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Living queer and carefree in Balayan, Batangas

Born in #Mindanao as #LGBTQIA with #cleftpalate, Teacher Nicolai Jimenez Sison used to encounter #discrimination for being different. Moving to #Batangas helped her find herself, as she is now a locally-recognized choreographer and make-up artist. Even discrimination can be a motivation to improve oneself further, she said, so “take what they say to better yourself.”

This is part of #KaraniwangLGBTQIA, which Outrage Magazine officially launched on July 26, 2015 to offer vignettes of LGBT people/living, particularly in the Philippines, to give so-called “everyday people” – in this case, the common LGBTQIA people – that chance to share their stories.
As Outrage Magazine editor Michael David C. Tan says: “All our stories are valid – not just the stories of the ‘big shots’. And it’s high time we start telling all our stories.”

Growing up as a queer child in Lanao del Norte in Mindanao, Nicolai Jimenez Sison remembers experiencing discrimination and even harassment not only because of her SOGIESC but also because of her cleft palate, a medical condition occurring when the tissue that makes up the lip does not join completely during development in the womb. This difficulty was – in a way – cut short when, in 2009, Nicolai moved to Balayan, Batangas, where her father’s based, so she could continue her studies there (after failing in some subjects in a university in Mindanao).

Living in Balayan, Batangas was “different”, said Nicolai to Outrage Magazine, since the environment was “friendlier”. She thinks this may be because “people here in Balayan are friendly, and they don’t interact much with others out of their fear to be judged.”

But this change helped Nicolai live queer and carefree, as she now focuses on reaching her dreams.

Of course there are people who remain critical of her, but Nicolai dismisses this as product “of envy or spite.”

PASSION & PRESTIGE

Beginning in 2012, in her second/third year in college, Nicolai’s careers took off.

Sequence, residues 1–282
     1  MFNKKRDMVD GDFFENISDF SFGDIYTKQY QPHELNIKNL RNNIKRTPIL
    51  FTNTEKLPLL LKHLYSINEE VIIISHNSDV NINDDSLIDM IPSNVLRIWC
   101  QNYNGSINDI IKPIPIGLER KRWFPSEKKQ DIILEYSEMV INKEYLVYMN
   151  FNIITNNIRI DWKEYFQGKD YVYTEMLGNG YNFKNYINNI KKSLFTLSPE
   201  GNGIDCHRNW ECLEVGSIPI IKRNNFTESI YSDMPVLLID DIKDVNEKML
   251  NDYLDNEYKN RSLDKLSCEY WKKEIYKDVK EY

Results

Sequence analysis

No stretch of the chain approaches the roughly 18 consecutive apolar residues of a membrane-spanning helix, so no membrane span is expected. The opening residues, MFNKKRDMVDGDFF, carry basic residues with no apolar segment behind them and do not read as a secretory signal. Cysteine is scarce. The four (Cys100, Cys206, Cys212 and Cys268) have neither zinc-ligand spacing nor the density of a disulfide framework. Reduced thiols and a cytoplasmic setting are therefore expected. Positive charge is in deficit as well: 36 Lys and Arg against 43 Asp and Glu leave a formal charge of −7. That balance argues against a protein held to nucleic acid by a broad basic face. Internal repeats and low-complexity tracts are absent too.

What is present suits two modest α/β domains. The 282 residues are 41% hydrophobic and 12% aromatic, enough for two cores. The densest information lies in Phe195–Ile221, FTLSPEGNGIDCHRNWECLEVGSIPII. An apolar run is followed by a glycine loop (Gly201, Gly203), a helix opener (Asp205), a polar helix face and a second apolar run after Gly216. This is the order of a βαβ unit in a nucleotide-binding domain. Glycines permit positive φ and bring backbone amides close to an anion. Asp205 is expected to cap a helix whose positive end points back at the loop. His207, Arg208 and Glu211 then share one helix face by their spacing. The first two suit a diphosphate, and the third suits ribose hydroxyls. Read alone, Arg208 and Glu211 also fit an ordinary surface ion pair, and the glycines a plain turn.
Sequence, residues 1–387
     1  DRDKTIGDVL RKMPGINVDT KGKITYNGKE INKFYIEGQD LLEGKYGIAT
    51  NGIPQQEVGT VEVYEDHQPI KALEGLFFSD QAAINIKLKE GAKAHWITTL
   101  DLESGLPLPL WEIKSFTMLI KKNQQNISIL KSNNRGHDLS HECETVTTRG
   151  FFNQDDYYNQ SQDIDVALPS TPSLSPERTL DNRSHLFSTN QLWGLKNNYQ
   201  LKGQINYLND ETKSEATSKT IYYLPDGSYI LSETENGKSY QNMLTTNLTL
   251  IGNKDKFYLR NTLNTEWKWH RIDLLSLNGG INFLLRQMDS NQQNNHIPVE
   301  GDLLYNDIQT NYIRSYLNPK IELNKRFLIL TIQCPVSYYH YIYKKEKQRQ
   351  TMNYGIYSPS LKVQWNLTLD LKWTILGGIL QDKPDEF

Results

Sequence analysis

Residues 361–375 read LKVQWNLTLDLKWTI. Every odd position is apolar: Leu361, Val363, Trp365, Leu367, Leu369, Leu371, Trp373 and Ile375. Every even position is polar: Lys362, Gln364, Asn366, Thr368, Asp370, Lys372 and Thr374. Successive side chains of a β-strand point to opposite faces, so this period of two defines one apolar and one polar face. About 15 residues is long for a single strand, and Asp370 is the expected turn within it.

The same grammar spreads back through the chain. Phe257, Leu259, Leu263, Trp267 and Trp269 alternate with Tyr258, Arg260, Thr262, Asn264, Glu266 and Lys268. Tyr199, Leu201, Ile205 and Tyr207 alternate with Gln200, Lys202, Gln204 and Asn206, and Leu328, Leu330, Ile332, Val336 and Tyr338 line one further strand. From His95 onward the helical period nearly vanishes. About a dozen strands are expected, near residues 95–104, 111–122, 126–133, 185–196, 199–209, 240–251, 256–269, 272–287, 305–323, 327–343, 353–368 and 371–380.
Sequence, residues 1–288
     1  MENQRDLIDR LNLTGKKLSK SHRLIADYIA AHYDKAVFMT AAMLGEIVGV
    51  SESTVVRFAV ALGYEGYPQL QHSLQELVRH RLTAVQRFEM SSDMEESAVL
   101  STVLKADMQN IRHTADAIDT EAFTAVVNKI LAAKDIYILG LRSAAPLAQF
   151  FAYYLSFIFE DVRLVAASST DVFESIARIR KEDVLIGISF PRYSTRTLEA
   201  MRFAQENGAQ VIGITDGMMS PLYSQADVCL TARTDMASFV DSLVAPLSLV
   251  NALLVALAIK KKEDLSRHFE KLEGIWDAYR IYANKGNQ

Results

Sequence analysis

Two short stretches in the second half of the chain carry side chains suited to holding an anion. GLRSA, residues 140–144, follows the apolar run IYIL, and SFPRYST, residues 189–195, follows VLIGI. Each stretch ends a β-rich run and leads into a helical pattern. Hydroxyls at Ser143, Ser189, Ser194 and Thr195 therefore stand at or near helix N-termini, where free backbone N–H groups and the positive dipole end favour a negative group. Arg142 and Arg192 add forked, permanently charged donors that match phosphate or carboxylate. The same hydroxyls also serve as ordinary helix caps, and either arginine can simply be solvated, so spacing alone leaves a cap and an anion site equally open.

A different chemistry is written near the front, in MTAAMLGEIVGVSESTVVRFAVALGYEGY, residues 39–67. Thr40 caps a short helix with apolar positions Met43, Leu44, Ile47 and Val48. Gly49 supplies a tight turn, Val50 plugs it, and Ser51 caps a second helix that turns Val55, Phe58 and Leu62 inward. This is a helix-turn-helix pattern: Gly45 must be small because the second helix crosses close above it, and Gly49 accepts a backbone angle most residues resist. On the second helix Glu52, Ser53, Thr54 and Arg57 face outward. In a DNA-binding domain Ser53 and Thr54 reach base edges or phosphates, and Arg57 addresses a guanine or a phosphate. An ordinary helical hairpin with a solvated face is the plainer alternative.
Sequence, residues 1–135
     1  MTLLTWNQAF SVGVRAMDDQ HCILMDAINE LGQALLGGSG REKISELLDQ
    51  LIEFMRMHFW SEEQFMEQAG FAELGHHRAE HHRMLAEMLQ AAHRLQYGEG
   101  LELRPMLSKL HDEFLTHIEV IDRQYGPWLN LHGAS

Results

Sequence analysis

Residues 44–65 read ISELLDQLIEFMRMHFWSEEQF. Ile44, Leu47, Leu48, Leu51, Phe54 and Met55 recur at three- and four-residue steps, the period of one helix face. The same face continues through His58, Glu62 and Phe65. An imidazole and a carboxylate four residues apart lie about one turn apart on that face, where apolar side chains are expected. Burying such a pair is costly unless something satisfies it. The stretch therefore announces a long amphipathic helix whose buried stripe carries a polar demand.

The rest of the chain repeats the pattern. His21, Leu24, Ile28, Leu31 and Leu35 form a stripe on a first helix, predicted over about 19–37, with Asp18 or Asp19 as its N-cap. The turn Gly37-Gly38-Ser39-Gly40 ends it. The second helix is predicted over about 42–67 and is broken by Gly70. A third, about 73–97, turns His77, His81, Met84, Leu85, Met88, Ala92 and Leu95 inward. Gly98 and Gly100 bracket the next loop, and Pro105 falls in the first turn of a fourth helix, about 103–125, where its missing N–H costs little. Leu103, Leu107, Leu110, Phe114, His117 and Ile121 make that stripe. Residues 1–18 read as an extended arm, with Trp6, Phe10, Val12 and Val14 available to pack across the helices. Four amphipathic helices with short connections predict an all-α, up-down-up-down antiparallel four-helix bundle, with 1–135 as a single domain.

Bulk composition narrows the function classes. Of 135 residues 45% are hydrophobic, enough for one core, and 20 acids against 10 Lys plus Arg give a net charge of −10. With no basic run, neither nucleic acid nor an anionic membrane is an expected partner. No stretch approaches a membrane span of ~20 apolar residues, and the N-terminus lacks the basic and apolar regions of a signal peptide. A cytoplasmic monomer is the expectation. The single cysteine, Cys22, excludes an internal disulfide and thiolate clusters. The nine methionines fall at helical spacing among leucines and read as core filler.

First, she found work as a dance choreographer, a job that – in fact – gave her the name she uses now: “Teacher Nicolai” or just “Teacher N”, after the popular Georcelle or Teacher G of G-Force. 

But Nicolai also soon became a freelance make-up artist, another career path that she now focuses on. 

Nicolai believes that her passion in what she does gave her the respect she now receives. “It feels good to be finally respected,” she said, adding that there are LGBTQIA people who even “idolize me.” 

For Nicolai, even discrimination can be a motivation to improve oneself further.

There are also people who defend her from discriminatory acts because, yes, she’s “Teacher Nicolai”.

Of course there are people who remain critical of her, but Nicolai dismisses this as product “of envy or spite.”

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Besides, Nicolai said, even if people may discriminate her, “I don’t care. Kung lalabanan ko yung mga taong nanlalait sa akin, para ko na ring nilabanan yung sarili ko (If I fight those who discriminate me, I also lose).” Instead, “God will take care of them.”

TRUTH AS MOTIVATION

For Nicolai, even discrimination can be a motivation to improve oneself further.

For her, in fact, people who speak bluntly to your face “actually just tell you the truth… about what they see.” And so for her, “I take those truths as a motivation to improve myself – e.g. if I am that unattractive to them, then I will make myself more beautiful.”

Yes, there are still times when it gets too much and that she breaks down too. This is why she makes sure to take a check on herself from time to time and recharge her energy by hanging out with her friends.

If I fight those who discriminate me, I also lose.” Instead, “God will take care of them.”

WORDS TO LIVE BY

And what advice can Nicolai give to LGBTQIA youth who are struggling to gain respect and find their place in the sun?

“Just pursue what you want in life,” she said. “Use your skills and talents to make names for yourselves.”

And yes, “don’t be afraid to start small,” she added, noting that she also just started small (as an assistant) until her craft as a freelance makeup artist was finally recognized.

But in the end, “in order to be respected, we must respect others as well,” she said, “and be kind to everyone.”

“Just pursue what you want in life,” she said. “Use your skills and talent to make names for yourselves.”

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